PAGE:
Network Rail: Level crossings closure programme reaches 600

Network Rail: Level crossings closure programme reaches 600

Network Rail has completed its 600th level crossing closure since 2009 as part of its £130m investment programme to improve safety and reduce the risk where the road or path meets the railway.

The majority of closures involve user worked crossings, which are mostly private crossings, not public rights of way. While situated in rural areas, many cross busy main lines. The barriers or gates need to be operated by the person crossing and warning measures include miniature warning lights, signs or telephones. In many cases an alternative access for the user is either available or has been provided to secure closure. Around 125 footpath crossings have also been closed. Footpath crossings are the focus of Network Rail’s current TV advertising campaign: See Track/Think Train.

Martin Gallagher, head of level crossings for Network Rail said: “Every crossing that we close removes the risk of a vehicle or person being struck by a train at these locations and improves safety for everyone on the railway. We’ve closed around 100 in the last year and aim to close 750 in total by Spring 2014 so there is much more work to do. Closing a level crossing is not always an easy process, and we often need the support of land owners, local authorities and users. I look to their continued support as we look to improve safety and modernise the rail network for the future.”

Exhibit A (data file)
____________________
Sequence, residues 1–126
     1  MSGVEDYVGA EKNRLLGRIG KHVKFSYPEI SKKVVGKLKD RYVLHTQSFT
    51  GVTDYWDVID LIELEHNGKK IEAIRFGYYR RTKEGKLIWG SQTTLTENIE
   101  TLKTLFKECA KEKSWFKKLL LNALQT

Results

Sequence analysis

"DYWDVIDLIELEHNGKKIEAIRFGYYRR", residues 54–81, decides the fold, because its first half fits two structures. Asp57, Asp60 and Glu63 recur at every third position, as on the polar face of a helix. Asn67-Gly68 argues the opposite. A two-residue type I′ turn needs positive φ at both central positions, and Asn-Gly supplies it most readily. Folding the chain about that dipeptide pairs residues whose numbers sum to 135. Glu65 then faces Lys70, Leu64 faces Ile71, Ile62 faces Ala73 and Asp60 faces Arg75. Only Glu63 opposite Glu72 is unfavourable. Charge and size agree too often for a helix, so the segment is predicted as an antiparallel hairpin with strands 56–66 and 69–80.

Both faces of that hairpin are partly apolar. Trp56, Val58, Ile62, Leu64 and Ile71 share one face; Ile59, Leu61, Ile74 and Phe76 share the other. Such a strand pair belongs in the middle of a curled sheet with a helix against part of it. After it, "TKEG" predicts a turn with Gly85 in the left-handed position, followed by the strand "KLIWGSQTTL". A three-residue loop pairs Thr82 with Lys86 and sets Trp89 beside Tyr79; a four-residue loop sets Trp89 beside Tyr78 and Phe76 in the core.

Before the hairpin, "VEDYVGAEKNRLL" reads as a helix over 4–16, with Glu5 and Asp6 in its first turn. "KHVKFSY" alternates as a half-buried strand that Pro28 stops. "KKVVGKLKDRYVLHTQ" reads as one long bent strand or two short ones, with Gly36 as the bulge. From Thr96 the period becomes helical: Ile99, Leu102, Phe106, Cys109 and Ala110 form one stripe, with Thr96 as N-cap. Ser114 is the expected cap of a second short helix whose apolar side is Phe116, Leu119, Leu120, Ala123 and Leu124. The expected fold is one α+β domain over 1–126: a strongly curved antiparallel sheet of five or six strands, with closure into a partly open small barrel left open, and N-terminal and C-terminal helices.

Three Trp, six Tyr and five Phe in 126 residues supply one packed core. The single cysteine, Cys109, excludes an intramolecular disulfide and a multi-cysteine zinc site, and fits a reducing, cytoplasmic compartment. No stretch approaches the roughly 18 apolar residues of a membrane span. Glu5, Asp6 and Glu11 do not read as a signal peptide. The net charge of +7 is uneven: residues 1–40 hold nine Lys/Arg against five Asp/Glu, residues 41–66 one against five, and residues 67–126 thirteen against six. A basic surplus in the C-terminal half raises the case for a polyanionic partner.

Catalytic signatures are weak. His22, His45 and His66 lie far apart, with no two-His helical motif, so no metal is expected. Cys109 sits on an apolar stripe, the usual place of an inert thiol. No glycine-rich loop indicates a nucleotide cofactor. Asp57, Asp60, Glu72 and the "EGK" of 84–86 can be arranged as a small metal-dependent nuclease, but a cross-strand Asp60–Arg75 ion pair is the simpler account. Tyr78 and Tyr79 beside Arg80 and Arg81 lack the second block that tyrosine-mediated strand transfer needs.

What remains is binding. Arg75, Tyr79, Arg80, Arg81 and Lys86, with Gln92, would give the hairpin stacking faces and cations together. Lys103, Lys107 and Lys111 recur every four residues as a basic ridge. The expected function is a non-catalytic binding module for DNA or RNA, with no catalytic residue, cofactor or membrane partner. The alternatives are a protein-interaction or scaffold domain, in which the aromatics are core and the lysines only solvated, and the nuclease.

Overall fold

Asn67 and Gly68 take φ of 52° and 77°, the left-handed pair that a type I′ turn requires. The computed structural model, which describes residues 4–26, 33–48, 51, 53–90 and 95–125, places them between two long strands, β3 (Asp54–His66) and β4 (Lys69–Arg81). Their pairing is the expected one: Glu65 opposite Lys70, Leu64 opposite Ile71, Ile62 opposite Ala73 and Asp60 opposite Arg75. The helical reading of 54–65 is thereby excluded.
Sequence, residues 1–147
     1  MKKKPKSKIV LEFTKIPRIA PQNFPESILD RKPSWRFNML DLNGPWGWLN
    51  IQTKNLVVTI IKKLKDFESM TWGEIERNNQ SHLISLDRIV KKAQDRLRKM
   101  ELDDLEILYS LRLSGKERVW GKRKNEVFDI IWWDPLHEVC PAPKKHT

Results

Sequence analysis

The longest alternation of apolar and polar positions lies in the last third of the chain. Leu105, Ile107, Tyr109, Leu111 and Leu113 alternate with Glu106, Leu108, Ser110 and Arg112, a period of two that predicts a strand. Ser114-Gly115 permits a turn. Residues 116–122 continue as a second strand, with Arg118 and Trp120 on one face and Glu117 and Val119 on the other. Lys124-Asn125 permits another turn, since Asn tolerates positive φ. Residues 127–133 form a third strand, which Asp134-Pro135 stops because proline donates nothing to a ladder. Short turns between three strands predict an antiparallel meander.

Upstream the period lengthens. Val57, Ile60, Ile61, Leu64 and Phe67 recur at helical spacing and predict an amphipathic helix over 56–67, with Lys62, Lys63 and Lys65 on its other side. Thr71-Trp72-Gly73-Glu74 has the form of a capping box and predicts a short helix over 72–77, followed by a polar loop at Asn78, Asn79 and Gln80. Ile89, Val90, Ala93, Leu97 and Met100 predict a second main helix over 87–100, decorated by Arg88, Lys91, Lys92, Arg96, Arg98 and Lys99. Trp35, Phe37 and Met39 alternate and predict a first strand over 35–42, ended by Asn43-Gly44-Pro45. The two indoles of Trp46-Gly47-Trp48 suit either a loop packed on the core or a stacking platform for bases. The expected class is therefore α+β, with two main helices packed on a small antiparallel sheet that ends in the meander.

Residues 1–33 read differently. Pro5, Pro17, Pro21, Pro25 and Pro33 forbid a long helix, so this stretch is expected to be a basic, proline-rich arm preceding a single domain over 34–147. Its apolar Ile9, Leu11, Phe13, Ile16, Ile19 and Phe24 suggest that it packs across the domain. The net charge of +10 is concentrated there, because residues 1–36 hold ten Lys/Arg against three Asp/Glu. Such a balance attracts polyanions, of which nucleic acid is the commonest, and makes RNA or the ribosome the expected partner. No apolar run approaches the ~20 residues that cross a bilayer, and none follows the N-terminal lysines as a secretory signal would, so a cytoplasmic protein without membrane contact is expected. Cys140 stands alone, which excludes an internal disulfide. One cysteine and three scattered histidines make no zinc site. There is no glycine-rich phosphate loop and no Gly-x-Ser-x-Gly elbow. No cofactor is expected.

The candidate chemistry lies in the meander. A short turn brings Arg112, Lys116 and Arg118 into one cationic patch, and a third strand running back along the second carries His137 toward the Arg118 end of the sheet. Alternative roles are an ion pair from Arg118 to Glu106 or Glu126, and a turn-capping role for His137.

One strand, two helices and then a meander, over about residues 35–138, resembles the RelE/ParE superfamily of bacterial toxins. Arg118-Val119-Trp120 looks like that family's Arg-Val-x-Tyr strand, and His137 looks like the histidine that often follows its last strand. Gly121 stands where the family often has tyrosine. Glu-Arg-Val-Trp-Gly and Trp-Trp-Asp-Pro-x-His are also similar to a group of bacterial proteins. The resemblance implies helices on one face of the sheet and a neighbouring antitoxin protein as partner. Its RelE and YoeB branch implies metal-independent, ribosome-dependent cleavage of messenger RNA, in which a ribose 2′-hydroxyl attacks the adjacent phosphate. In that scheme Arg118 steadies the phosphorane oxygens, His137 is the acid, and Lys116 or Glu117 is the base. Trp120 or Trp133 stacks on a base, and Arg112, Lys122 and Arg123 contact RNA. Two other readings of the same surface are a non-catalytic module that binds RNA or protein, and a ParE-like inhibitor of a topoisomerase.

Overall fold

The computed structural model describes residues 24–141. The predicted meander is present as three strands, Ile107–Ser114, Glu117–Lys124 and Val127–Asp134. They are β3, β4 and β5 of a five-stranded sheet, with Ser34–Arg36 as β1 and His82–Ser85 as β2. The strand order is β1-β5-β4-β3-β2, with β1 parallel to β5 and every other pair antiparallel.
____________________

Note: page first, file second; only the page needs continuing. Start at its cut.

Network Rail has a £130m investment programme to improve level crossing safety. This includes:

  Replacing footpath crossings with footbridges
  Installing warning lights as an additional safety measure at footpath crossings
  A new schools programme – Rail Life – teaching both primary and secondary school children about how to stay safe when crossing the railway
  Rolling out 10 more camera enforcement vans
  Investing in new technology including obstacle detection lasers
  Introducing new cost effective barriers to open crossings
  Employing more than 100 new dedicated level crossing managers
  Community safety managers who work closely with local groups, councils and schools to raise awareness

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Types of level crossings for pedestrians:
Footpath crossings - around 3000
User worked crossings - around 2500
Station crossings - around 200